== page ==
Brevard County schools are considering 30 new middle and high school textbooks for the nationally crafted math and language arts standards known as Common Core, Florida Today reports.
The standards are currently used in kindergarten through second grade, and are scheduled to be used in every Florida grade when classes start this fall.
Like Brevard County, school districts across the state that have yet to do so will soon need to make big curriculum decisions. But there’s a problem — researchers are finding many textbooks and classroom materials aren’t a perfect match for Common Core.
A new report from the Thomas B. Fordham Institute looks at early Common Core adopters in Illinois, Kentucky, Nevada and Tennessee. The report finds that many curriculum companies don’t have Common Core materials ready, and school districts were skeptical of what’s already for sale.
“Curriculum publishers were suspiciously quick to proclaim that what they are selling is aligned with the Common Core—and districts are rightly wary of such claims,” the study’s authors, Amber M. Northern and Michael J. Petrilli, wrote. “It takes time to develop and vet high-quality textbook series and other curriculum. All four districts expressed caution about spending limited dollars on materials that were not truly aligned to the Common Core and are delaying at least some of their purchases until they see products that are.”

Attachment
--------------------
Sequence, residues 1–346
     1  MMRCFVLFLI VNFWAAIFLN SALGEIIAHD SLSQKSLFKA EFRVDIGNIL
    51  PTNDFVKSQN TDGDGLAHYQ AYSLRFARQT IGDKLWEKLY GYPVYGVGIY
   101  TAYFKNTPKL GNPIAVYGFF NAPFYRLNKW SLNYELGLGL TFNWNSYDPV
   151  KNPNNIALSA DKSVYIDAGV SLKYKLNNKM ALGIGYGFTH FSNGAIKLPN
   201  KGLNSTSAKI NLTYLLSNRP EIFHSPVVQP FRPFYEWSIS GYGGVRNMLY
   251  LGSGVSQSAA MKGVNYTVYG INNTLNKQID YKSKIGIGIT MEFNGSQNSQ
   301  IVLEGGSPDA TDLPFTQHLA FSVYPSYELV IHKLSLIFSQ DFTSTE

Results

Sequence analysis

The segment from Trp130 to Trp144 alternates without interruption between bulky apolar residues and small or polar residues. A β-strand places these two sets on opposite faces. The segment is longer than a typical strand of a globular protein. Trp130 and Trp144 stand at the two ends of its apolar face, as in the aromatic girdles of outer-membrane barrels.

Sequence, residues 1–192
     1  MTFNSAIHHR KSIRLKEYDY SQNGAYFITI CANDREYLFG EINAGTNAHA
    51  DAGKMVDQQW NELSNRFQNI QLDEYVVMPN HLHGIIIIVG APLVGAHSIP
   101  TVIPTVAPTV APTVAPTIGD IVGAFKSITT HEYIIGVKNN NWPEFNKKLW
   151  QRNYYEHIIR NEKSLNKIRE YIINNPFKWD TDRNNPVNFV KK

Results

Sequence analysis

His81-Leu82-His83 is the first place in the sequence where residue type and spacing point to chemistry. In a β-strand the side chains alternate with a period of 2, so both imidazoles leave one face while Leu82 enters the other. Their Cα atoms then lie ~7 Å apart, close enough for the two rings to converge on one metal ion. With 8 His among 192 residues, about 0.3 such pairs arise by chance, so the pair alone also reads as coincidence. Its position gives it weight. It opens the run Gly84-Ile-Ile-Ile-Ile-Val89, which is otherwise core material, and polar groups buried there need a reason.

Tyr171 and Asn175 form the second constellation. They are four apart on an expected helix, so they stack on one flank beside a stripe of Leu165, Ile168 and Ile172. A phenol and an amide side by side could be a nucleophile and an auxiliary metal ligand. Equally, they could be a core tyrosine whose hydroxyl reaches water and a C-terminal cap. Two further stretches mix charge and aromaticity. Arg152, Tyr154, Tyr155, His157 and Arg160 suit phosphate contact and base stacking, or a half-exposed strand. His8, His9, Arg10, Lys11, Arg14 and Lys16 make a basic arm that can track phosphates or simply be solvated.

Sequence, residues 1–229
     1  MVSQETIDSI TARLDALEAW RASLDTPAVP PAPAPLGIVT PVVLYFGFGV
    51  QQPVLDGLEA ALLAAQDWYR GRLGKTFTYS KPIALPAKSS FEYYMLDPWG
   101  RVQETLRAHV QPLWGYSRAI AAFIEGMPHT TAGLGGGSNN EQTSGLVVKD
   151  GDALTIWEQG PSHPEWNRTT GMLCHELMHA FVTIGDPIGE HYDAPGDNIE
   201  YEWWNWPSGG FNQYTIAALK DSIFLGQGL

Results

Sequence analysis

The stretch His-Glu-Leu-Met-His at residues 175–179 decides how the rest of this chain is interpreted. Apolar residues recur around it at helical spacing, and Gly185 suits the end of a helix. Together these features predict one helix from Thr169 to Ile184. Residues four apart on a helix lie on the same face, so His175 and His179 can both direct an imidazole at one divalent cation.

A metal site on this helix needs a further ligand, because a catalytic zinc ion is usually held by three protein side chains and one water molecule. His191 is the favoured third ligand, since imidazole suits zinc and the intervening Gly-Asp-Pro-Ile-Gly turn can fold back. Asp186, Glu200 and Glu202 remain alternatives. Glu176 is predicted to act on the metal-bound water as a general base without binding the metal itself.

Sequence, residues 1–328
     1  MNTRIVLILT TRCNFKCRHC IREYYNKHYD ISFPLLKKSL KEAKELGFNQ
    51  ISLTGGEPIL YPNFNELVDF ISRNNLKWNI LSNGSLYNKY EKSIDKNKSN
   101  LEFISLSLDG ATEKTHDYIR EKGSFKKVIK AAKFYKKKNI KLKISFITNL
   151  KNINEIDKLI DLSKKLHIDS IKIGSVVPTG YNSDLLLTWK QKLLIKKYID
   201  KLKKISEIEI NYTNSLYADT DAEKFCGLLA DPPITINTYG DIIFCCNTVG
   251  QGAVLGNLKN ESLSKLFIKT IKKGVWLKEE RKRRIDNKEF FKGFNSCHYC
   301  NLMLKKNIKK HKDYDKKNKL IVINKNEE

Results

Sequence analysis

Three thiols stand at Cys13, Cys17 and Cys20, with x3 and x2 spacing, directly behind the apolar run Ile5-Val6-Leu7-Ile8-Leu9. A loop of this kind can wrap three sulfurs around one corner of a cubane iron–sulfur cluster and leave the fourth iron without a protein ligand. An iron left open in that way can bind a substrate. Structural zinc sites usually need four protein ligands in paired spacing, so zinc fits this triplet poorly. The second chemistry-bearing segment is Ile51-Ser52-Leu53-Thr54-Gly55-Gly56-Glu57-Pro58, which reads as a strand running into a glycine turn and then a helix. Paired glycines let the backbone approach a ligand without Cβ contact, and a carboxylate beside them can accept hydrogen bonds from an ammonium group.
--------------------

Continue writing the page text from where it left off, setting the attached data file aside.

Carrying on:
In the interim, the researchers found teachers were creating their own materials for better and worse. The good? Teachers are more likely to support a curriculum they had a hand in creating. The bad? Some materials were at odds with fundamental ways Common Core is supposed to change lessons, particularly math.
Another study by University of Southern California education professor Morgan Polikoff found many textbooks labeled “Common Core aligned” were, in fact, not. Between 60 percent and 95 percent of many textbooks were used for previous standards, indicating the books had not been updated for Common Core. In addition between 10 percent and 20 percent of the material reviewed had nothing to do with Common Core.
“The results of our alignment analyses…are both stunning and totally predictable,” Polikoff wrote.
And Florida lawmakers could make textbook choices more complicated. A bill (SB 864) would allow school boards to choose textbooks and other classroom materials. In the past, the Florida Department of Education has approved textbooks and districts could choose from that list.
Last year, lawmakers approved a bill that allows district to choose their own texts if they certify the materials meet state standards. This year’s bill would eliminate the state from the process completely.
But some educators worry school districts don’t have the same expertise as the Florida Department of Education to evaluate textbook quality. And if publishers are slow to produce textbooks which actually match Common Core standards, as Polikoff wrote, choosing low-quality textbooks could undermine the whole multi-state venture.